How adventure made Ben and Oliver Black better leaders

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The brothers behind the successful My Family Care service reveal why their passion for gruelling endurance events has helped them to last the distance in business

The MacLehose Trail in Hong Kong is 100km long with a series of ascents that add up to the equivalent of climbing Everest. Despite that, teams compete annually to run its full length, and when Ben and Oliver Black tried to master it, it turned out to be an adventure they would never, ever forget.

In Ben’s case, mostly for all the wrong reasons. He recalls: “I got the training slightly wrong. So, after 60k, my body was seizing up and my feet were cramping up. We stopped at a checkpoint and the medics did their stuff. But during that stop I lost my head torch.

“So we carried on running but I couldn’t see where I was going. I fell over. I was covered in blood. Fell over again. Couldn’t see. Cramped up again. Still covered in blood.

“We got to 90k and I collapsed and I told the rest of my team to carry on without me. I thought this must be the lowest ebb. The following morning at breakfast, having done 90 of 100k, Ollie leaned over and grabbed my cereal.

“I looked at him and said, ‘What do you think you’re doing?’ And he replied, ‘Well, you’re not going to finish it, are you?’” Nothing is sacred, it seems, when it comes to two siblings trying to get a rise out of each other.

But, as Oliver, the younger of the two, explains: “Doing endurance events gives me the confidence to know I can push through a tough situation. I can cope with a little bit more pain. We’ve gone cycling in the Alps and Dolomites, which involve a bit of an adventure.

“And there is always a moment where you’re thinking ‘do I really need this?’ My favourite event was the run from Chamonix to Zermatt (145km through the Alps). The challenge was, could we do it in three days? It was an incredible experience.”

Ben adds: “He loves the pain, I love showing off after I get through it! But we always end up preparing for a big physical challenge every year. Even thinking about it is painful. But once you’re fully involved and committed to the event then it’s fine. And it’s the same in business, I believe.”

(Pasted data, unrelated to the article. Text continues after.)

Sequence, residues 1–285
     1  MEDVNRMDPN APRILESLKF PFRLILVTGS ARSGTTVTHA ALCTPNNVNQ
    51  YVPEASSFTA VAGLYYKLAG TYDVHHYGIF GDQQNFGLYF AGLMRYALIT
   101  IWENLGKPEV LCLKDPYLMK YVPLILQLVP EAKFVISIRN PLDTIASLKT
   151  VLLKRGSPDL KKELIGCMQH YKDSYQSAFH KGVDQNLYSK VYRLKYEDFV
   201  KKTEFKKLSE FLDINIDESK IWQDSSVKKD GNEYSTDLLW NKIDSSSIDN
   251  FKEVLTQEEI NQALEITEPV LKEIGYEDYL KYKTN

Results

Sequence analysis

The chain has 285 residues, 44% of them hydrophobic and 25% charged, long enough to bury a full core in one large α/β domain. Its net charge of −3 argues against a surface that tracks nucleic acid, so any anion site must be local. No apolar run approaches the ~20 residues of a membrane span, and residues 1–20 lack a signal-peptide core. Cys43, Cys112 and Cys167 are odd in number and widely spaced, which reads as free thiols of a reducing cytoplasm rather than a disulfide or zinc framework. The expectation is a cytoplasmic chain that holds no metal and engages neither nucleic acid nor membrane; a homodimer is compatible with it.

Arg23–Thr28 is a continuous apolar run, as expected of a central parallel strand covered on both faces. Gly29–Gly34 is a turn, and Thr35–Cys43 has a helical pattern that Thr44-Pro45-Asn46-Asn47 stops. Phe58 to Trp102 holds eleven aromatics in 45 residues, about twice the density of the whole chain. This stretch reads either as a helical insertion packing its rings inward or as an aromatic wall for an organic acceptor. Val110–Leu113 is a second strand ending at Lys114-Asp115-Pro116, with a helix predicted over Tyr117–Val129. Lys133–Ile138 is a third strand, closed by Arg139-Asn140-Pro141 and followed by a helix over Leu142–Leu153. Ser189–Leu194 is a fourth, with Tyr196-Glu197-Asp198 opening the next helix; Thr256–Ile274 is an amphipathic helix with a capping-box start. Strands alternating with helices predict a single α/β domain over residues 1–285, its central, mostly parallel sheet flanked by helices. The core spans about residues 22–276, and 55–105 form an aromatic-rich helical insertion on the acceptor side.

In 2000, Oliver set out on a very different type of adventure. He quit his job with Procter & Gamble after realising that a number of his colleagues were struggling to juggle work with childcare duties. He convinced his older brother, a City lawyer at the time, to come on board and they bought Tinies Childcare nurseries.

Ben recalls: “The first two years were hell. But working with my brother was good because there is a lot of honour at stake and neither of us would admit how bad things were.

“A turning point came when we started to become suppliers of childcare. We also did the BBC programme Tough at the Top, where I came across quite well. Ollie didn’t! We got a lot of business through that.”

The brothers have since been credited with creating a revolution in the care industry through their company, My Family Care. Oliver says: “It’s been a fascinating adventure. We started as a childcare business and we’ve become a tech business – the software and platform make it possible.

“The single biggest thing we do is back-up care. This allows people to organise back-up child, elderly or dependent care, anywhere in the country with as little as two hours’ notice, half an hour for nurseries and childminders.”

Last year, they saved their clients over 30,000 days in productivity through the back-up care service. Ben explains. “If, for example, you work for Google and you have young children or elderly parents, Google tells you to go to the work and family space, which is a platform we run.

“Through the work and family space you can book emergency childcare anywhere in the country. Or you can access some special coaching programmes to help people going through maternity. Childcare is not something you can simply repeat in any country. But the online coaching is applicable anywhere.”

Oliver also argues that firms should be doing more to help women back into work and up the career ladder after maternity. “The case is proven that if you get equal numbers of men and women in every sphere of your business it works better,” he says.

“There are more girls coming out of university than boys and yet when you look at the board it is always white, male and stale.”

The Blacks’ other clients include Sky, Virgin and IBM. As the business continues to grow, so the brothers have used endurance events as a way to switch off. Oliver says: “When you’re training it’s also a great headspace territory to think about things with more clarity.”

Ben says there is a symmetry in the challenges they take on inside and outside of work. “If you’ve started your own business there is a certain restless insecurity where you think anything might happen at any moment.

“A fear of failure drives you on. We’ve got big American competitors and that helps to push us. And it was the same when I didn’t finish MacLehose.”

The brothers will return to Hong Kong next year, with Ben determined to finish what he started by completing the famous 100km course. “I would love to be able to relax and smoke a pipe but a business has to change and evolve,” he says.

“Both the physical and business challenges tend to run in parallel and as soon as you think you can sit back in the armchair, that’s the point where you get fat, arthritic and boring.” And the point when your competitors, and your little brother, will have you for breakfast.

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About author

Ryan Herman

Ryan Herman

Alongside his work for Director, Ryan has written for SportBusiness International, VICE Sports, Populous, Audi and Gallop Magazine and was previously editor of Sky Sports Magazine.

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